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The darker side of urban regeneration

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The darker side of urban regeneration

On 7 December, session two of the Peace and Sport Forum will focus on business investment for social good. As a preview to the event, sportanddev.org looks at an important part of the urban regeneration story.

As Earth's population reaches seven billion and higher, worries regarding urban overpopulation have increased. This growth of urban populations have also increased the number of slums, caused worsening air pollution and led to waste management issues. The international community is recognising the problems and is pushing for better cities through the sustainable development goal 11 which calls for urban regeneration and inclusiveness.

There is another side of urban regeneration, one which lacks inclusiveness and harms low-income households. When cities thrive with businesses, improved transportation or new infrastructure, a new middle class population will be attracted causing housing prices to go up. Consequently, low-income residents will be displaced or even become homelessness. This phenomenon has been sometimes coined as gentrification, which studies have shown leads to a lack of diversity as well as local services to be altered for new resident demands.

In Brazil, the issue came up during the preparations for the 2016 Olympic and Paralympic Games in Rio de Janeiro. Many people believe that major sporting events have a positive economic impact which spills over to positive social impact. However, a report by The Internal Displacement Monitoring Centre shows that the new improvements in Rio displaced 6,600 families who were living in favelas or informal settlements in 2015.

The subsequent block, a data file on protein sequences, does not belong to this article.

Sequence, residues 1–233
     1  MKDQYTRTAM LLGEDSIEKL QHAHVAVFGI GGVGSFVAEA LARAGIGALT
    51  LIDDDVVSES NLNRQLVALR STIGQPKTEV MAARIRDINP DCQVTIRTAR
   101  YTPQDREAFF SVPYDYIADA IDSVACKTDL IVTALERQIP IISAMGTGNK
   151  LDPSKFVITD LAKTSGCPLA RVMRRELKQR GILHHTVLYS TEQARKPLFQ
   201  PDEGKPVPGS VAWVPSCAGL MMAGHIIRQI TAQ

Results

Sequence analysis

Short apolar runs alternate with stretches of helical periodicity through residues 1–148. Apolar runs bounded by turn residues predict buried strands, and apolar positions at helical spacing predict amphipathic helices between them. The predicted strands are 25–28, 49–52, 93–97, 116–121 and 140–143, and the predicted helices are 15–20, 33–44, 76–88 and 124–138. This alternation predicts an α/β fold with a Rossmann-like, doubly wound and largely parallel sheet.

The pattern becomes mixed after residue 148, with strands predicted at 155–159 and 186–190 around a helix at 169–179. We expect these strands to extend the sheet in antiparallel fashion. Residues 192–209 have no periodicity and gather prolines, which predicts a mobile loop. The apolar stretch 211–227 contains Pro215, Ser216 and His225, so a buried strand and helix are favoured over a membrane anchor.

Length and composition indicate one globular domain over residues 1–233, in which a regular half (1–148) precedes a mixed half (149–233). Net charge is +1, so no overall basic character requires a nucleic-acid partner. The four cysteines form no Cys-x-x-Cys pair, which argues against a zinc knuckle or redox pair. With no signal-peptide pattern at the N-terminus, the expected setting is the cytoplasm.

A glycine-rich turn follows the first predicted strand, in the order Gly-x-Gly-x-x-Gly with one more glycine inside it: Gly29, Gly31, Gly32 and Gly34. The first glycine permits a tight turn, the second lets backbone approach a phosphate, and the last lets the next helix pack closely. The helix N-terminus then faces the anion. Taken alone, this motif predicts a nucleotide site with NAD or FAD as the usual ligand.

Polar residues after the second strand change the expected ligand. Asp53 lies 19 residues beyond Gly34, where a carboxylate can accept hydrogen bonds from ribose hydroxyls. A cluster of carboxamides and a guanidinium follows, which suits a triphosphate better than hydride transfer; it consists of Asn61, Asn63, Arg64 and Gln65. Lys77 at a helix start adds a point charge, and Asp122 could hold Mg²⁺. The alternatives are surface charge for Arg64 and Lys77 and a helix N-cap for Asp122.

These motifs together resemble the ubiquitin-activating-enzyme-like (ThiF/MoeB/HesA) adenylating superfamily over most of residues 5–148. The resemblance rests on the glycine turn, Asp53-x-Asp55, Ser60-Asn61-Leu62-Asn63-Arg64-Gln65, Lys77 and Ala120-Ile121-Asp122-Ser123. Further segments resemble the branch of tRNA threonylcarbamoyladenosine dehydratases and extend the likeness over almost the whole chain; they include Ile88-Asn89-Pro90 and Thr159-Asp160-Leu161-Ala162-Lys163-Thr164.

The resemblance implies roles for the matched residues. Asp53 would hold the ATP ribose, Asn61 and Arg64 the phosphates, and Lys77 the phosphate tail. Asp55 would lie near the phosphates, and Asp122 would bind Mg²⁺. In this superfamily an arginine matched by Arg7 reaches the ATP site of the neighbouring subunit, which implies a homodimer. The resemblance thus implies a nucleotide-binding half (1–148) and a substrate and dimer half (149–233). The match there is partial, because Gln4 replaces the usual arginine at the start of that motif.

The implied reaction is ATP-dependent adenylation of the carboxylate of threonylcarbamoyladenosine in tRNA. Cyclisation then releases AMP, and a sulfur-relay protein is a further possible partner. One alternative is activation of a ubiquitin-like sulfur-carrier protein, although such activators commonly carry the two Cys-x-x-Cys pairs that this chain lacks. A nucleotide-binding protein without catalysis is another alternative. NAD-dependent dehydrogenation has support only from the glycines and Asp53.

This began in 2009. Many families moved to low-income housing projects in the outskirts of the city, increasing their commute to work by an average of 50 kilometres. Those who were displaced had to move away from their social networks and women were mostly affected by causing them to be isolated in the new communities. According to the reportSchools and health centers have also been difficult to access in some cases, either because they are remote or because provision is tied to place of residence.”

In Jamaica, the issue is not gentrification; it is a reduction of public beaches that are accessible to the locals due to the increase of resorts and hotels. As the tourism industry grows, there are fewer recreational spaces for the locals. Backed by international organisations, the government has set policies to preserve natural resources, which primarily include beaches. However, the tourism industry is a main economic driver on the island and certain political figures are pushing for the privatisation of some beaches.

This is mostly problematic when looking into social issues in the country. Jamaica’s poverty rate which sits at 20 percent with around 27 percent of youth being unemployed. Going to a public beach can be one of the only free recreational activities available and  beaches provide a space for physical activity. Limiting recreational options, with possible consequences to publich health.

Making cities sustainable has proven to be challenging, not only in the two above examples but also so many others such as London, Los Angeles, New Dehli and Cairo . Yet, if the idea of urban regeneration has acquired new emphasis because of its inclusion in the sustainable development goals, perhaps it requires a new and deeper understanding. This should include the prioritisation of recreational spaces that promote physical activity without sidelining the needs of local people.

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Monday, December 4, 2017 - 12:32

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